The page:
A bio-nanocapsule (BNC) is an ~ 50-nm hepatitis B virus (HBV) subviral particle comprising HBV envelope L proteins and a lipid bilayer, and is synthesized in recombinant Saccharomyces cerevisiae. When BNCs are administered intravenously in a mouse xenograft model, they can accumulate specifically in human liver-derived tissues and enter cells efficiently by the HBV-derived human liver-specific infection machinery, localized at the outer-membrane pre-S region of the L protein. BNC specificity for the human liver can be altered to other tissues by substituting the pre-S region using targeting molecules (e.g., antibodies, lectins, cytokines). BNCs can spontaneously form complexes with liposomes (LPs) by the membrane fusogenic activity of the pre-S region. LPs containing various therapeutic materials (e.g., chemicals, proteins, DNA, RNA) can therefore be covered with BNCs to form an ~ 150-nm BNC-LP conjugate. BNC-LP conjugates injected intravenously can deliver incorporated materials to target tissues specifically and efficiently by utilizing the HBV-derived infection machinery. The stability of BNC-LP conjugates in the blood circulation is similar to that of PEGylated LPs. In this chapter, we describe the preparation and in vivo application of BNC-LP conjugates, and the potential of BNC-LP conjugates as in vivo pinpoint drug delivery systems.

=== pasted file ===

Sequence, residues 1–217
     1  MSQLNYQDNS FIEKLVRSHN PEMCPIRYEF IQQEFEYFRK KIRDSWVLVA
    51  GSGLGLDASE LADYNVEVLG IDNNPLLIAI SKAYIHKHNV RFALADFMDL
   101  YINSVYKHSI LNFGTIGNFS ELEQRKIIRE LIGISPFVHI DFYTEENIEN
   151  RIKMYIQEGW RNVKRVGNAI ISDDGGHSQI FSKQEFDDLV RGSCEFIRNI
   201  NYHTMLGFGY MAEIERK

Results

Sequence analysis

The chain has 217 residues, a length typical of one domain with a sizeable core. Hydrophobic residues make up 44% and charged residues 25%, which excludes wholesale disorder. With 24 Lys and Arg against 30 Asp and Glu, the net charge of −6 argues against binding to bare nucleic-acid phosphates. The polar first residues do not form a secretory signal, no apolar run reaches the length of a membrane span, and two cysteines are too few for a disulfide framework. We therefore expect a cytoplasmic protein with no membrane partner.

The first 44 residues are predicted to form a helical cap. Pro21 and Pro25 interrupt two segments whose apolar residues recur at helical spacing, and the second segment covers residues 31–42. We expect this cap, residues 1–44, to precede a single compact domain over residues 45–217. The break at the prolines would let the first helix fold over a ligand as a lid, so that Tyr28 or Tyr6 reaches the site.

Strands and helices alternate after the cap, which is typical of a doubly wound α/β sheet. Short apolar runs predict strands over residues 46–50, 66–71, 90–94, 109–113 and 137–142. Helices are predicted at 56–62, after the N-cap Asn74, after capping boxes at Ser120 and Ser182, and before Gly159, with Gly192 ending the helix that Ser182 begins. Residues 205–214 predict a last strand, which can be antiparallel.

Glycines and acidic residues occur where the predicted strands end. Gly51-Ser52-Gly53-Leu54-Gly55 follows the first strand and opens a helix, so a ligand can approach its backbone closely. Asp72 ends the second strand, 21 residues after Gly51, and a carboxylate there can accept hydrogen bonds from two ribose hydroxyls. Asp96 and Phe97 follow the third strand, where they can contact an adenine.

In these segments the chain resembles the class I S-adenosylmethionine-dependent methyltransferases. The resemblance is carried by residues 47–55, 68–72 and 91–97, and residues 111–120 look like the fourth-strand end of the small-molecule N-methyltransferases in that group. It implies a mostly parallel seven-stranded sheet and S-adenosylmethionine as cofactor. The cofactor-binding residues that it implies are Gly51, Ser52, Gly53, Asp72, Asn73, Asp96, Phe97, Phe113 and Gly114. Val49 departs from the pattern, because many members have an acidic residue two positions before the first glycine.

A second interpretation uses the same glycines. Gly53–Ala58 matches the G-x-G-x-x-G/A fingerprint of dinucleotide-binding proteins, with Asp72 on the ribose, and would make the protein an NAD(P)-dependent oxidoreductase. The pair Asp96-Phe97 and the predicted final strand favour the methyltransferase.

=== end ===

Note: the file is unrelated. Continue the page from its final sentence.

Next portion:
ASJC Scopus subject areas
- Molecular Biology